As the UK faces increasingly complex global threats, our defence and security organisations must work more collaboratively than ever. Here, CSW hears from Madeleine Alessandri, the prime minister's adviser on national resilience and security, and Dr Christian Turner, the prime minister's adviser on international affairs, about the challenges and opportunities ahead

What has been the biggest challenge facing your organisation in the past 12 months?

The response to Salisbury. The incident tested every element of the national security community. It required a whole-of-system approach, from communications to the scientific, from diplomacy to intelligence, from police to those on the health front line.

In the National Security Secretariat we had to join up all the elements of recovery for the community in Salisbury, investigation of who was responsible and then our national and international response. 

Through an agile and fast response across the UK’s global network, we brought together an international coalition of countries, and domestically we instigated robust measures to crack down on other illicit activity such as money laundering and tightened some of our legislative powers. The immediate result was 28 countries expelling 153 Russian intelligence officers. This reduced Russian capability for hostile intelligence activity, took the Kremlin by surprise, and showed that the UK would act robustly to protect its core interests when under threat.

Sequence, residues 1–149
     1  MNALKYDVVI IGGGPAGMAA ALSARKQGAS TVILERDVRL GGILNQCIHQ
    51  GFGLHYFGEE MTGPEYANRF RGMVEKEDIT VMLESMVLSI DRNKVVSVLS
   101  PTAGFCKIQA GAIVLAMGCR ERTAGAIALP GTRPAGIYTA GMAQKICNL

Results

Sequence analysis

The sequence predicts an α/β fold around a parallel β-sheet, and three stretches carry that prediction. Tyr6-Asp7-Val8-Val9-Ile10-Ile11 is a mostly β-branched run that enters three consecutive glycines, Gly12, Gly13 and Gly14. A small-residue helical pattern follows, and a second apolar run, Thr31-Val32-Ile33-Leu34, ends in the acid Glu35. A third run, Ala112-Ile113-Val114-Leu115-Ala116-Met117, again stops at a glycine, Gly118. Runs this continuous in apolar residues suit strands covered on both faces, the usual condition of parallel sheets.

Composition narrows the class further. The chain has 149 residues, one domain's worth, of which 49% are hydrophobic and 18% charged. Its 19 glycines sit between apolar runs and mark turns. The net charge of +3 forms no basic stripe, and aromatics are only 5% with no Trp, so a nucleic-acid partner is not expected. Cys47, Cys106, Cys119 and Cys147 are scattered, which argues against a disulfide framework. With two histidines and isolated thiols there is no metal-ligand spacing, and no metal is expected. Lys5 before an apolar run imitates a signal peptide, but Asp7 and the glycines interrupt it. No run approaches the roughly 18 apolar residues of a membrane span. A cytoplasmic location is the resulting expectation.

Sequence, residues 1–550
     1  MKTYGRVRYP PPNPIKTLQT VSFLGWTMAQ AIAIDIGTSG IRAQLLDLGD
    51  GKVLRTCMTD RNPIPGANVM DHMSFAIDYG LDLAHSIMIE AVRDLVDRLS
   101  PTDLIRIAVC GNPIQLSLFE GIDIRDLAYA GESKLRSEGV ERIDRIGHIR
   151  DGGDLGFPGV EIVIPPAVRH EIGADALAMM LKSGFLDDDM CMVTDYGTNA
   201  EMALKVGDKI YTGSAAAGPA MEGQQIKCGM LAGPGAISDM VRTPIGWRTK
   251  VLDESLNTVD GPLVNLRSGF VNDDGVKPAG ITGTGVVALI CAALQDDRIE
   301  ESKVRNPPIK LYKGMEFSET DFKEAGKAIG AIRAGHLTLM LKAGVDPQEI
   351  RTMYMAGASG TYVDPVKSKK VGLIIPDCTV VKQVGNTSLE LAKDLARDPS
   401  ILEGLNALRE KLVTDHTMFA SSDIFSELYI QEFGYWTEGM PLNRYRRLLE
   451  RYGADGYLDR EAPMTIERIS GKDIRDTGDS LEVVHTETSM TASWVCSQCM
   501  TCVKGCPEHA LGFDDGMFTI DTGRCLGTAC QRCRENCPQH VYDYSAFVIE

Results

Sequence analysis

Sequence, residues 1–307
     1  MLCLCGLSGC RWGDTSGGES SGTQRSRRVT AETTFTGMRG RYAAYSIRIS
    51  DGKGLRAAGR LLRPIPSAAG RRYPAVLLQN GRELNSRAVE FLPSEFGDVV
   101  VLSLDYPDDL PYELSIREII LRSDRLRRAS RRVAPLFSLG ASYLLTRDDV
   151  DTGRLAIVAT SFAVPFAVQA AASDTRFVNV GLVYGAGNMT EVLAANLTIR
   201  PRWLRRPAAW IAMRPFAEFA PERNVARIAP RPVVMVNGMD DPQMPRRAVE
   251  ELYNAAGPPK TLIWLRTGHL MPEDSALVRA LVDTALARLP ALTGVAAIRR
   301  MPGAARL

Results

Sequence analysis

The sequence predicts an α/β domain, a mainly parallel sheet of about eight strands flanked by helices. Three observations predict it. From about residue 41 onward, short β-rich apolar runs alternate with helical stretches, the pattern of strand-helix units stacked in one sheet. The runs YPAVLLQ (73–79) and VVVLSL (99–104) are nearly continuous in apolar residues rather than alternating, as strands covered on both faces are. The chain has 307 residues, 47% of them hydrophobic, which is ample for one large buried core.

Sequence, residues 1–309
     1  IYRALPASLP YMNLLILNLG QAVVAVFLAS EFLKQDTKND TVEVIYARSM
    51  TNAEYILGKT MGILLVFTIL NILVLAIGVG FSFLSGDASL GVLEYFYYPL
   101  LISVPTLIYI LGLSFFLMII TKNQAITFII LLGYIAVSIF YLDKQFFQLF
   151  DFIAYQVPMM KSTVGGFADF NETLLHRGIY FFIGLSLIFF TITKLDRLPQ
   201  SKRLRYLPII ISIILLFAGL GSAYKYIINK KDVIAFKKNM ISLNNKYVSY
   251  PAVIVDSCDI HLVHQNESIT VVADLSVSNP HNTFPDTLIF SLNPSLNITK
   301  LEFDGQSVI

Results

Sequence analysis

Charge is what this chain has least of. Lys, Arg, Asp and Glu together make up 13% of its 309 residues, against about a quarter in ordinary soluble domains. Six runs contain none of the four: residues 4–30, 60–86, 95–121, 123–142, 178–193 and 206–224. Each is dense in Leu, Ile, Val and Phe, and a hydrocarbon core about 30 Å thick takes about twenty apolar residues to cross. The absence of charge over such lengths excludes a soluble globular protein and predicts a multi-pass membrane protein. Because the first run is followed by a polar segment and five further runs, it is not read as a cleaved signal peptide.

The longer term outcome has been to raise international awareness of the threat and the importance of a considered response.

How is your organisation adapting to reflect Britain’s changing place in the the world?

The Fusion Doctrine is a new name for a familiar concept: joining up the various elements (security, economic, influence) of our national security to ensure we can have best outcomes and effect on the hardest challenges we face. This is all the more important in a world of increasing great power rivalry, of hybrid state threats using cyber and disinformation, and at a time of economic uncertainty and movement of populations. Irrespective of Brexit, the UK will need to adapt to face those challenges. We are building a genuinely all-of-government approach as we try to do that.

What opportunities or innovations are you excited about in the coming years that will help you improve public outcomes?

Data is a massive opportunity to make national security capabilities both more targeted and at the same time more transparent. We have to adapt to blend open source material with intelligence to ensure we have the best analysis for the threats that face the UK. 

At the same time the UK’s core strengths – 2% of GDP on defence, 0.7% ODA, world beating intelligence agencies and diplomatic service, and a P5 member [of the UN Security Council] – give us unrivalled soft and hard power and will mean that we are well placed to build the coalitions necessary to defend our interests in a multi-polar world.

What do you think your roles will look like in 20 years’ time?

That depends on what the world looks like. But the core need – to ensure the PM has the best advice and that our national security is greater than the sum of the parts – will not go away.

How do you unwind at the end of a long day?  

Christian sings and walks the dog in the woods (though not at the same time). 

Madeleine walks a different dog and tends to her busy bees.


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